Monday, May 15, 2006

Teaching science

Mike the Mad Biologist asks So How Would You Teach Science?:
I think the problem is that we do a very poor job of teaching the basics. By basics, I mean arithmetic and basic scientific facts.
I don't disagree that arithmetic and basic facts are important, but I think we spend too much time on facts, encouraging memorization and a perception that science is an encyclopedia.

Science is a process. It is a way of testing ideas. When something becomes entrenched as an unfalsified result of observation, it gets into encyclopedias. But we spend too little time on the process. Science is seen by the public as some sort of revealed truth, which makes real problems.

When I'm getting my students ready for an exam, I tell them not to worry about the names and the precise details. Understand the principles and understand how we got the details, and they can work out specific things. Don't sweat whether ferns have vascular tissue. Understand how they fit into the phylogeny of the plants and you can probably figure out whether they have vascular tissue.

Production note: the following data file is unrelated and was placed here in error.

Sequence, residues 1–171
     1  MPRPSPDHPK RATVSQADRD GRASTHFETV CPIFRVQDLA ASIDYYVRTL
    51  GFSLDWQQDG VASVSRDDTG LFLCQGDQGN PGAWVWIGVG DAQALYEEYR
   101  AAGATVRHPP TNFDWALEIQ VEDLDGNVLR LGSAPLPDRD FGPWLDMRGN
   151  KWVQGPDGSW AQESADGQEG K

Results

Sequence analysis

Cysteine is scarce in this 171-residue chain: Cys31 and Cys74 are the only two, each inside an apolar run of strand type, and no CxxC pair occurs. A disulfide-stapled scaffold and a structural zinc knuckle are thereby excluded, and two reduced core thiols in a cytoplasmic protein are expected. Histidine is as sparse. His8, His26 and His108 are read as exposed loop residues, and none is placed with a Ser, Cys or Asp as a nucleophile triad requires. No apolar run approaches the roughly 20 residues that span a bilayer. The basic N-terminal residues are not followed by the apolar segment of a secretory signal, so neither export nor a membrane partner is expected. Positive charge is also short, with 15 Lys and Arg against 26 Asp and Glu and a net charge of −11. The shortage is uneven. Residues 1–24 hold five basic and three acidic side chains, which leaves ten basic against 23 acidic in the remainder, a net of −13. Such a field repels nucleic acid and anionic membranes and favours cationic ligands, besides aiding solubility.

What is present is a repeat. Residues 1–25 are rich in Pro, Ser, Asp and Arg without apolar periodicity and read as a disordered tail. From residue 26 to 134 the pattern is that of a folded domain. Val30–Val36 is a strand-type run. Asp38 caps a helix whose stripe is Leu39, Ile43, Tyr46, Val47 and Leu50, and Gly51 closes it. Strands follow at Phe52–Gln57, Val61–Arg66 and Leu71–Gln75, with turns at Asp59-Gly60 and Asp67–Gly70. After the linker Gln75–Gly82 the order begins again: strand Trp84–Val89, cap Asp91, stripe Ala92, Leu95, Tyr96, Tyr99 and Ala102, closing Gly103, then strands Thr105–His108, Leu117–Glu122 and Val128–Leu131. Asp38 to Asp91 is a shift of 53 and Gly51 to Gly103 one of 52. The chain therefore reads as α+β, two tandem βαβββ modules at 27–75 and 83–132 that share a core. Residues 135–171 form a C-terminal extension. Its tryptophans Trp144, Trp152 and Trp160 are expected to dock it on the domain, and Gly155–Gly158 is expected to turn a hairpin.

The details are in encyclopedias, and if you need to remember the names of different bones, you will. But high school science classes and introductory college science classes should focus on getting people the framework they need to be able to figure out the details or to know where to look them up.

I went on a longer rant about this in January, so I won't delve too much into that. I'll just point out that my appreciation of the details and the usefulness of the citric acid cycle has been greatly enhanced by reading Robert Hazen's discussion of origins of life research, in which people are trying to figure out where each stage in that cycle could have come from. Like most people, I don't have any inherent interest in biochemistry, but I am interested in origins research. So now I'm interested in how to catalyze those reactions.